Sarcoma-UK funded research has unveiled the first and largest encyclopaedia of key features of soft tissue sarcomas – opening the door to a new era of understanding and treatment.
The findings, published in Nature Communications, will allow researchers to tap into the potential of immunotherapy in sarcoma, identify people at higher risk of relapse and provide new ways to personalise treatments.
The encyclopaedia comprises data from 321 people – including children, teenagers and adults – with 11 different sarcoma subtypes, including leiomyosarcoma, undifferentiated pleiomorphic sarcoma and liposarcoma.
Many of the genes in our bodies contain the instructions for proteins, which perform many critical roles in the body. Most approved cancer drugs work by targeting proteins, so understanding more about the proteins driving sarcoma could lead to new targeted drugs.
The research team analysed patient samples to uncover the ‘proteomic profile’ of the sarcomas – a snapshot of all the different proteins that are being produced within the cancer cells. The team’s analysis revealed that each sarcoma subtype has a unique protein profile.
The team, led by researchers at the Institute of Cancer Research, London, identified some specific groups of proteins that could also be used help predict which tumours are more likely to spread. This could, in the future, pave the way for more tailored treatment for individuals, for example by identifying patients who may benefit from more aggressive treatment.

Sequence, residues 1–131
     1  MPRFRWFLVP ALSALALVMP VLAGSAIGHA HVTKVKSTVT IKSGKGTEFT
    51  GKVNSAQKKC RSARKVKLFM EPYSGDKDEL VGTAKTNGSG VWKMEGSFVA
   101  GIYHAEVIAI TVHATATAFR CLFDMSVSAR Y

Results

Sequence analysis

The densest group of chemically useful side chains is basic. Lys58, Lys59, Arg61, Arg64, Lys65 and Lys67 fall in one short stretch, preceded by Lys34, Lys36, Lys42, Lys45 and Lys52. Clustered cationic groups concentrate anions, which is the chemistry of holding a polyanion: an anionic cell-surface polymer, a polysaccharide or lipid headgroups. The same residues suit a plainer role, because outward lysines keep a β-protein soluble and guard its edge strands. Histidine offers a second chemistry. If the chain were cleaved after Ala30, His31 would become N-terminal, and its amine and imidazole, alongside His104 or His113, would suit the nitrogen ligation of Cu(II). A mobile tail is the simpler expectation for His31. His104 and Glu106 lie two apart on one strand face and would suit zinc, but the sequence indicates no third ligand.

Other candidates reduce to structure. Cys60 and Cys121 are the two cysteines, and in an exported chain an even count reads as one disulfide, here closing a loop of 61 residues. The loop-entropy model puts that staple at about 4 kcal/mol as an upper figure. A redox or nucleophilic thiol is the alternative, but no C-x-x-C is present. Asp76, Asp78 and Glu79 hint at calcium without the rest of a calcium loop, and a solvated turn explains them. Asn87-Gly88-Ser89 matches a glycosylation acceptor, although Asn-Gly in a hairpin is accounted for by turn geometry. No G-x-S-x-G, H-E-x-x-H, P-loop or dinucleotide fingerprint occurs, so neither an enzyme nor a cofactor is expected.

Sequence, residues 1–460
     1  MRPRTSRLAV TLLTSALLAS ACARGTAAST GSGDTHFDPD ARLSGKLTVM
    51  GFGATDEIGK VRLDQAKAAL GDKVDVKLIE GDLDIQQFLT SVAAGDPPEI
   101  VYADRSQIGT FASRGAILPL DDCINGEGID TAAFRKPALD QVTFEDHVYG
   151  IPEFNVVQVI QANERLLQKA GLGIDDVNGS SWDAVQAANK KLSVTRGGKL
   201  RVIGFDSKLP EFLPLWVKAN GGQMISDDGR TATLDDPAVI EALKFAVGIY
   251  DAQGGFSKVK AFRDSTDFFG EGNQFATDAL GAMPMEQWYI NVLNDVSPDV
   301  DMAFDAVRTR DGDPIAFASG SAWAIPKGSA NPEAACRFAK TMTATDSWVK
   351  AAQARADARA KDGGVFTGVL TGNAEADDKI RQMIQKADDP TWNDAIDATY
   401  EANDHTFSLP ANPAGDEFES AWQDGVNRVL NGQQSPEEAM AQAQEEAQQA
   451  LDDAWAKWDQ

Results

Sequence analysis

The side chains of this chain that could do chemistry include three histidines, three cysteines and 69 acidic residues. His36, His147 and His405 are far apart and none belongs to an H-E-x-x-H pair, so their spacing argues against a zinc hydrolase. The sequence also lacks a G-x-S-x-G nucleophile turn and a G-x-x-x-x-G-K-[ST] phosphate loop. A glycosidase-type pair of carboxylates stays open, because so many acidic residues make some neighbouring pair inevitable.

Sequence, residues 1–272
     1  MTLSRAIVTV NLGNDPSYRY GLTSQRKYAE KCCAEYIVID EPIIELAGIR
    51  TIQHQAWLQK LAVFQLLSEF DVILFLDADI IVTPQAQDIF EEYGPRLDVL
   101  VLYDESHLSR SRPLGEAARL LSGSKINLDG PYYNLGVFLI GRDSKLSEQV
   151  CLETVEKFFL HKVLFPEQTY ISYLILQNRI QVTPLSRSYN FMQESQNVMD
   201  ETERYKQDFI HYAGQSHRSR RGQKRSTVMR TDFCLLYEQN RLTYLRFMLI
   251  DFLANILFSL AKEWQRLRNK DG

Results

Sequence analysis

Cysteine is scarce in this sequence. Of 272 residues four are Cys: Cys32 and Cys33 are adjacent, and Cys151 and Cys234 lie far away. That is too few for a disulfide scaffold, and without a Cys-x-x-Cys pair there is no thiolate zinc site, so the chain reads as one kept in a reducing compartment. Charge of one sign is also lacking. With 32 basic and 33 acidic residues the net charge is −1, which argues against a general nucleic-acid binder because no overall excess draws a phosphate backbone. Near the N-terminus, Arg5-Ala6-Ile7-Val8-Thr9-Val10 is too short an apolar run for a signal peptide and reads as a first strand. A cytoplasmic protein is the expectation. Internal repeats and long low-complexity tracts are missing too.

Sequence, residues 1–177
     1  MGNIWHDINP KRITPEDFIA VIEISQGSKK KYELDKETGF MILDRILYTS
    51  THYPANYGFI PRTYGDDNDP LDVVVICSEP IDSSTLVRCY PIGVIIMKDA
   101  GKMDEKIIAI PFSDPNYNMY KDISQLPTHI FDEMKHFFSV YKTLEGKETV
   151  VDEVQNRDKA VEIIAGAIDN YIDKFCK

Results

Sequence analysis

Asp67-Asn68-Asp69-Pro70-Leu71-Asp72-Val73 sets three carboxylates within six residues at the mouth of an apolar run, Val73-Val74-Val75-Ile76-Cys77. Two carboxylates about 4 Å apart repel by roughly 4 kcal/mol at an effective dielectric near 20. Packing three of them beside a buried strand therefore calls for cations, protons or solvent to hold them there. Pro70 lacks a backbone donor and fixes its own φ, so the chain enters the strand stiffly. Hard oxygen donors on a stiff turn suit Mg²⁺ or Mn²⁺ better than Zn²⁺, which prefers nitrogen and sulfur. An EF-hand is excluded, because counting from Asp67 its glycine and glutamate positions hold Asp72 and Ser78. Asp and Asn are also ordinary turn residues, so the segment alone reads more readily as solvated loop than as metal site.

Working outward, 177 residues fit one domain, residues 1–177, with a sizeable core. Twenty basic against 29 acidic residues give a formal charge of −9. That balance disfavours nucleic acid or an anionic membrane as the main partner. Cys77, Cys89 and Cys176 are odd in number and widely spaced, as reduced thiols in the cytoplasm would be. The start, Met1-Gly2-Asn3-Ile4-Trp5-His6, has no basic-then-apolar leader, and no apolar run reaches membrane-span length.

The new insights have also uncovered new immunotherapy targets, which could ultimately lead to new ways of treating “immune cold” sarcomas. These sarcomas are not properly recognised by the immune system, so they do not respond well to current immune check-point drugs.
‘Our ‘encyclopaedia’ of protein alterations is a vital resource – a Rosetta Stone of sorts that will help us unravel the complex language of sarcoma tumours”, says study lead Dr Paul Huang. “This will allow us to explore new avenues of personalised treatment, offering renewed hope for people with sarcoma. Our findings hold promise for the development of new targeted treatments and immunotherapies that can disrupt the underlying processes driving sarcoma. I am hopeful that this study will lead to improved treatment outcomes and a better quality of life for sarcoma patients.’
Dr Sorrel Bickley, Director of Research, Policy and Support at Sarcoma UK, said:
‘It’s fantastic to see the results of this important study, which gives the sarcoma community vital information about indicators of how sarcomas might grow, spread or respond to treatment. We hope that these findings can now be taken forward into further research to develop the treatments that are so desperately needed.’